This is con- is mentioned by the contemporary firmed by the date of the death of George Mon. 811 (cp. Vita Theodorae, Methodius, who was Patriarch for four 14). In Gen. he shares the credit years and died June 14, 847 (Vit. with Manuel (78), and in Cont. Th. Joannic. by Simeon Met. 92 ; the same (148-150) Manuel appears alone as date can be inferred from Theophanes, Theodora's adviser. But the part De ex. S. Niceph. 164). All this was played by Manuel is mixed up with shown for the first time by de Boor, a hagiographical tradition, redoundAngriff der Rhos, 450-453 ; the proofs ing to the credit of the monks of have been restated by Vasil'ev, Viz. Studion, whose prayers were said to i Arab., Pril. iii. ; and the fact is have saved him from certain death now universally accepted by savants, by sickness, on condition of his promisthough many writers still ignorantly ing to restore image-worship when repeat the old date.

he recovered. (For the connexion of ? Her hesitation comes out clearly Manuel with the Studites, cp. also in the tradition and must be accepted Vita Nicolai, 916, where Nicolaus is as a fact.

said to have healed Helena, Manuel's 3 Gen. 80 ο έμός ανήρ γε και βασιλεύς wife.)

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have to summon should not brand the memory of Theophilus with the anathema of the Church.'

Our ignorance of the comparative strength of the two parties in the capital and in the army renders it impossible for to understand the political calculations which determined the Empress and her advisers to act in accordance with her religious convictions. But the sudden assassination of Theophobos by the command of the dying Emperor is a significant indication 2 that a real danger menaced the throne, and that the image-worshippers, led by some ambitious insurgent, would have been ready and perhaps able to overthrow the dynasty. The event seems to corroborate the justice of their fears. For when they re-established the cult of pictures, iconoclasm died peacefully without any convulsions or rebellions.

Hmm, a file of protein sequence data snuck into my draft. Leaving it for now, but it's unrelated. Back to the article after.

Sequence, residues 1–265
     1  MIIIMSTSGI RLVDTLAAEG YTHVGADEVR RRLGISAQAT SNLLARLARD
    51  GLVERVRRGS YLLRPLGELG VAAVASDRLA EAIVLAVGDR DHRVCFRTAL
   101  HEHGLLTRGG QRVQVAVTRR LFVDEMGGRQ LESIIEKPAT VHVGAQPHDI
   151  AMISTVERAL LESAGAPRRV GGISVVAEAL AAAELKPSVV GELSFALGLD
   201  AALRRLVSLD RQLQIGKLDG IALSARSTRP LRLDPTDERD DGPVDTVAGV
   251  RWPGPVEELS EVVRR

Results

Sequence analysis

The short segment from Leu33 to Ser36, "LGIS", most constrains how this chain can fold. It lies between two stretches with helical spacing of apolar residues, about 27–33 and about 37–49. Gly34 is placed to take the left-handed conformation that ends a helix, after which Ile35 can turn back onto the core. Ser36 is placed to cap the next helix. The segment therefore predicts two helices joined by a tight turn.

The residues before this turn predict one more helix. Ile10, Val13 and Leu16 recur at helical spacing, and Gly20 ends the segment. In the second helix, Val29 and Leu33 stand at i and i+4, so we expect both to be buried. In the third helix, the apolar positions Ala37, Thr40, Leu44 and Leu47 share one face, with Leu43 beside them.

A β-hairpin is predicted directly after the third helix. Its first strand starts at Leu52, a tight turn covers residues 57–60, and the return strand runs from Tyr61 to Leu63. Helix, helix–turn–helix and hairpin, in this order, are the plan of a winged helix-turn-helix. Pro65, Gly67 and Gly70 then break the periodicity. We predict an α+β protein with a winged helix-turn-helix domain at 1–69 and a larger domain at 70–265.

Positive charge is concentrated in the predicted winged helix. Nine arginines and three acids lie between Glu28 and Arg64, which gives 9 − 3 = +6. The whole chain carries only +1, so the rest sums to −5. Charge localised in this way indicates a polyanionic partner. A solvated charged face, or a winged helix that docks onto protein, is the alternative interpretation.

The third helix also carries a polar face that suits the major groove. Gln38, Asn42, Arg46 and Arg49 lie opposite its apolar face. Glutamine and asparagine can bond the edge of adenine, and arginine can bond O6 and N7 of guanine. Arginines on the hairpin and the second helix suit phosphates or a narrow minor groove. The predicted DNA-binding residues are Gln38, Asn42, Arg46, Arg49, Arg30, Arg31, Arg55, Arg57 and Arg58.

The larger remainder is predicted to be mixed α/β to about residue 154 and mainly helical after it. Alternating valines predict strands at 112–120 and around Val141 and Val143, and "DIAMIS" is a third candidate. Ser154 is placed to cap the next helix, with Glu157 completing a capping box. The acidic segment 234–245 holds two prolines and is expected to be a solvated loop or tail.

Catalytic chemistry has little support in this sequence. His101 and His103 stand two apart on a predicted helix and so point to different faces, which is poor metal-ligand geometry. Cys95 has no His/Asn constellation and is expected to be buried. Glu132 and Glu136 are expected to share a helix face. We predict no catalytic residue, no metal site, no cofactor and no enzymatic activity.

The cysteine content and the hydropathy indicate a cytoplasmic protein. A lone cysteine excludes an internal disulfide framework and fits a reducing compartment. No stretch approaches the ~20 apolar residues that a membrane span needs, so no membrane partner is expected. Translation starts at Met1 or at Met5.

The case of Theoktistos may be adduced to illustrate the fact that many of those who held high office were not fanatical partisans. He had been perfectly contented with the iconoclastic policy, and was probably a professed iconoclast, but placed in situation where iconoclasm appeared to be a peril to the throne, he was ready to throw it over for the sake of political expediency.

Our brief, vague, and contradictory records supply little certain information as to the manner in which the government conducted the preparations for the defeat of iconoclasm." It is evident that astute management was required; and a considerable time was demanded for the negotiations and intrigues needful to facilitate a smooth settlement.

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1 This is an inevitable inference from the traditions.

Cp. Uspenski, ib. 59. 3 The story of Genesios (77-78) that Manuel addressed the assembled people in the Hippodrome, and demanded a declaration of loyalty to the government, and that the people-expecting that he would himself usurp the throne-were surprised and disappointed when he cried, “Long life to Michael and Theodora,” seems to be also significant.

(78) says of him that he wavered (dià μέσου τινός παρεμπεσόντος διώκλασεν), but this seems to imply that he at first shared the hesitation of the Empress.

4 The interest of the Studites in Manuel (see above, p. 145, n. 4) argues that he was at heart an imageworshipper, as the other relatives of Theodora seem to have been. Gen.

5 We must assume that Theodora, before a final decision was taken, held a silention at which both the Senate and ecclesiastics were present. Such a meeting is recorded in Theophanes, De ex. S. Niceph. 164, and in Skylitzes (Cedrenus), ii